LINCOLN ZEPHYR

JAGUAR XK120
January 3, 2014
ROLLS ROYCE COUPE
January 4, 2014

Mega Engineering Vehicle will deliver your LINCOLN ZEPHYR 1939 SERIES 96H  to you anywhere around the World through our affiliates.
Experience the true Classic LINCOLN ZEPHYR 1939 SERIES 96H.

LINCOLN ZEPHYR

Price upon request

LINCOLN ZEPHYR COUPE SERIES 96H 1939

Styling was done by John Tjaarda and Eugene Gregory. Incorporated into the front, was a long horizontal hood, headlamps intergrated into the fenders and a grille with horizontal bars. The roof line sloped back to the rear bumper and designed into the rear of the vehicle were fender skirts.
The construction of the Zephyr was made up of a stiffer than body-on-frame unit. Powered by a V12 engine, the 3,350 pound vehicle could reach 90 miles per hour.
The Zephyr was powered by a small 75° V12 engine[2] developed from Ford’s Flathead V8
The 1936 to 1939 models were 267 in³ (4.4 L) with hydraulic lifters added in 1938
The original engine had 110 hp (82 kW) and gave the car a top speed of 90 miles per hour (140 km/h). Suspension was by Henry Ford’s beloved transverse springs front and rear, with dead axle front and torque tube rear, already seen as outdated when the car was introduced. Brakes were cable-activated for 1936 to 1938; 1939 and onward were hydraulic.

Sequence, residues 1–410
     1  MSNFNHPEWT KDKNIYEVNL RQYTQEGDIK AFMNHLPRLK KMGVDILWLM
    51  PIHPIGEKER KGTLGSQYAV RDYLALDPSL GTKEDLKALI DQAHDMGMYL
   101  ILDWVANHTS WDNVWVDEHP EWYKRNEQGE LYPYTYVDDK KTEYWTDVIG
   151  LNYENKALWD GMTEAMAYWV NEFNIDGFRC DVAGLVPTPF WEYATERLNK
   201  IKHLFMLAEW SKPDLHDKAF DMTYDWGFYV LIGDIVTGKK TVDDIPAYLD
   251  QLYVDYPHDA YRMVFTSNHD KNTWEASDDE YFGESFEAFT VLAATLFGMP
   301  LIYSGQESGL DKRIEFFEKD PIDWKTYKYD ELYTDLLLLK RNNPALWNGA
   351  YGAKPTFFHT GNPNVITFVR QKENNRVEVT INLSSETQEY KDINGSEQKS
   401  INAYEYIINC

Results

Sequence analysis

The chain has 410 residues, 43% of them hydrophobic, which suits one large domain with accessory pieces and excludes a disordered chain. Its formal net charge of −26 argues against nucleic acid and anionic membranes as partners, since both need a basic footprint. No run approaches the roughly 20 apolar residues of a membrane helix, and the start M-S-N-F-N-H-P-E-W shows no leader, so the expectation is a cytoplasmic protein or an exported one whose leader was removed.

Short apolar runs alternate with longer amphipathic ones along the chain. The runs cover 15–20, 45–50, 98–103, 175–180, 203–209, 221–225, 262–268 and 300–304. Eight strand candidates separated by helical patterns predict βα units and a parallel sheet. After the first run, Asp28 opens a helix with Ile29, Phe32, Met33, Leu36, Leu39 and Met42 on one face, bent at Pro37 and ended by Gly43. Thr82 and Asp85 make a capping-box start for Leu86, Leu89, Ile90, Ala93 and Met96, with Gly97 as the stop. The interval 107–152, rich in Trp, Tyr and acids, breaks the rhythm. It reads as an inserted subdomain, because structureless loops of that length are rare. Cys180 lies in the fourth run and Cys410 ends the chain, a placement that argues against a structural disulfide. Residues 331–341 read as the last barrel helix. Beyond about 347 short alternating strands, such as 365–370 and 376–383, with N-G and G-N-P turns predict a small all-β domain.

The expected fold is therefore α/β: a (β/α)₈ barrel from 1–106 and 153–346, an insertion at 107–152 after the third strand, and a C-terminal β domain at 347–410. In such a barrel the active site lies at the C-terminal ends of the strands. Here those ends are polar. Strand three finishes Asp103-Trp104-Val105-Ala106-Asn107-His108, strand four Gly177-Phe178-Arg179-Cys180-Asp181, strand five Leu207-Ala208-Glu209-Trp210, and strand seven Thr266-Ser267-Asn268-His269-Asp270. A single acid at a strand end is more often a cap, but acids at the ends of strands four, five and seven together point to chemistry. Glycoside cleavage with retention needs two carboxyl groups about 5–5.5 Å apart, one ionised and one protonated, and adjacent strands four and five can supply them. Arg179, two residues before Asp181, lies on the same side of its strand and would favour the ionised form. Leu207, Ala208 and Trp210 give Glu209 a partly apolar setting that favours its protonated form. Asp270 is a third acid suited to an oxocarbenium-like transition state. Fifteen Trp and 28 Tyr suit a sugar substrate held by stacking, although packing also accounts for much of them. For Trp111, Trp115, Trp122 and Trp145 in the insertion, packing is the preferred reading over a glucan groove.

This Lincoln Zephyr is one of only three hundred and two convertible sedans produced in 1939. It was acquired by its present owners about a quarter of a century ago. A restoration soon followed. The banana yellow paint was stripped, revealing its original color – a special shade of Ardmore Green, which was introduced in and available only for 1939. All colors throughout are original to the car, style and year. This Convertible Sedan is also fitted with nearly every available option and accessory.
When the restoration was completed, the car was shown only once, at the Orange County regional meet of the Lincoln-Zephyr Owners Club in 2008, where it scored 98.75 points. There, it was awarded First in Class and the Ford Trophy, and it went on to be displayed at the Petersen Automotive Museum.

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